Thus, Hippolytus indicates that the Naaseni (Nazarenes?) originally “styled themselves as Gnostics” who would look upward on the Firmament and behold the beauteous image of a serpent. Furthermore, these Naaseni explicitly compared the beholding of this serpent image to the ancient Hebrews’ beholding of Moses’s bronze sculpture of a serpent, the sight of which would purify snake-bit Hebrews from the poisons in their bodies.
I consider this to be good evidence that all the original, First-Century Christians were Gnostics (Naaseni-Nazarenes) who understood Jesus Christ to be a mystical being on the Firmament, hanging from a cross, like the bronze sculpture of a snake hung from a pole held erect by Moses. The idea that Jesus Christ was a human-like being who walked around on Earth did not originate until the Second Century.
“Thus, following Irenaeus, Hippolytus rightly says that Simon tolerated ‘being called by any name with which people wished to name him.’ Hence he is called not only Great Power or The Standing One, but also God, Son of God, Father, Holy Spirit, Kyrios, Savior, and so on” (p. 45 of “Gnosticism in Corinth”).
But it may be significant, for dating purposes, that there is nothing in the early record to indicate that Simon ever used the name or title ‘Christ’ at all; not for himself and not for the Power of God that he claimed to be. Schmithals is aware of this. He writes: “Did Simon himself also call that divine figure, as a part of which he was on earth by the name of Christ?… Unfortunately it cannot be proved that Simon himself used this name” (p. 46).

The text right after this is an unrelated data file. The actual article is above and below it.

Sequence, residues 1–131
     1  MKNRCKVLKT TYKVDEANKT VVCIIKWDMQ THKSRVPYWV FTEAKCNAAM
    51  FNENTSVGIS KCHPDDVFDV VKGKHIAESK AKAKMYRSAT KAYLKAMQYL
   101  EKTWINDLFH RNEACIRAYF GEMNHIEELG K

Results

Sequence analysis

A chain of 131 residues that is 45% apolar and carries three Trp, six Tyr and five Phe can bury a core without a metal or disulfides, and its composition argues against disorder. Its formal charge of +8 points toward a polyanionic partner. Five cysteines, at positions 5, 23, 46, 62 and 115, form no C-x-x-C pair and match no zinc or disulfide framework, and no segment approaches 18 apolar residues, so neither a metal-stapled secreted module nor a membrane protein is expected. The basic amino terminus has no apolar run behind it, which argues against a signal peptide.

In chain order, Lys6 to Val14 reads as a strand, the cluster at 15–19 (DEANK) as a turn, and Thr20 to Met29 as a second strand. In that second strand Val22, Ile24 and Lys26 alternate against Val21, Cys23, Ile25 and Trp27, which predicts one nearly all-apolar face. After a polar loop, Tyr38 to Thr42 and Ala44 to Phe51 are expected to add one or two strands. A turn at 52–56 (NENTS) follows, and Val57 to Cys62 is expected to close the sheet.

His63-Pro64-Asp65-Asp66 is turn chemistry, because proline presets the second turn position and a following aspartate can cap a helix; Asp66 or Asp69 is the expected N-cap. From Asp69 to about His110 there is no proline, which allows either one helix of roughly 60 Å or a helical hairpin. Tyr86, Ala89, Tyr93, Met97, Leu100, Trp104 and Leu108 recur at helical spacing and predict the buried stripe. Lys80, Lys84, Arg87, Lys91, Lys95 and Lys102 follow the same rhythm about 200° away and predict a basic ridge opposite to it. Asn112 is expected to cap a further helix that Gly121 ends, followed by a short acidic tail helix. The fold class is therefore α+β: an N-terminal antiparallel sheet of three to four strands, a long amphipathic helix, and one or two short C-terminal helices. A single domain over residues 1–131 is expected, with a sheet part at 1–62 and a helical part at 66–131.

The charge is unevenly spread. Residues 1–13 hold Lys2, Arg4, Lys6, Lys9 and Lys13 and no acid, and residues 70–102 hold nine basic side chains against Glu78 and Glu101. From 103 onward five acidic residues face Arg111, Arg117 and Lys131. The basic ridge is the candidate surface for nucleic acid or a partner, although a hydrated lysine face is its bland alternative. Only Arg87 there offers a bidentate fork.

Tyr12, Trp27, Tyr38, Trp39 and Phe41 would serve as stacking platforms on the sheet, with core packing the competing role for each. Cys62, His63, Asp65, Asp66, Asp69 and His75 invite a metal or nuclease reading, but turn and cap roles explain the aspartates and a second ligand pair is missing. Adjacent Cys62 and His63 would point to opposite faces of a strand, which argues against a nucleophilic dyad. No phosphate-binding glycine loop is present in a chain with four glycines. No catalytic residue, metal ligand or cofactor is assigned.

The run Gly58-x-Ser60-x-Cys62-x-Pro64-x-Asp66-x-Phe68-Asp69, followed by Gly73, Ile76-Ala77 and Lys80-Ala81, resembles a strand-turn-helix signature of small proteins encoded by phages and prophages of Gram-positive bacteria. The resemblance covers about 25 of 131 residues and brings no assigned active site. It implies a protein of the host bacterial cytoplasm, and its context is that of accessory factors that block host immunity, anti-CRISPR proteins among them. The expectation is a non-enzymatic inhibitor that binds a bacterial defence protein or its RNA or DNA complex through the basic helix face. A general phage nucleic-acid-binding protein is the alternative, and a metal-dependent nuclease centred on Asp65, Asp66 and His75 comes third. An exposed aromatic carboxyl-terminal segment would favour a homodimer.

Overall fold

And all the examples provided by Schmithals of the Gnostic use of the name ‘Christ’ apparently belong to a time after the first gospel appeared. So it may be that Simonian and Gnostic use of the name only began after urMark was written. In the scenario I am exploring, this would mean that it was only after his death that Simon was called Christ by his followers. He was only called Christ by them after one of his followers wrote an allegory in which Simon the Hestos (“the standing one”) was hidden beneath the figure of Jesus the Christos. To those on the outside urMark was about a Jewish Christ (Messiah); to those on the inside it was about a Samaritan Hestos (Standing One).
Yes, Schmithals has not yet given me the tell-tale pre-Christian Christ fingerprint I was expecting to see.
It is very tempting to think of Mark as allegory, parable, metaphor or whatever for many reasons. Once we do we take special notice of the tomb midrash (Isaiah likens the ruined Temple to a tomb), and the many references to Jesus being in “a house” as also symbolic. Tombs, houses were common enough metaphors for the human body. And those who dug out the roof of the house to lower a man to Jesus in order to walk out of a blocked doorway is surely meant to be related to the carved out tomb from which Jesus emerges. And Jesus appears in a Simon’s house both at the beginning and end of the gospel. Another Simon takes his place subsequently, etc.
But I admit I do have a hard time accepting a Jesus-Simon link nonetheless. It has kinda been ingrained into me that Simon Magus was the enemy, after all. And I’ve never been able to take the real existence of a man who was reported to have had a flying competition with Peter in Rome very seriously.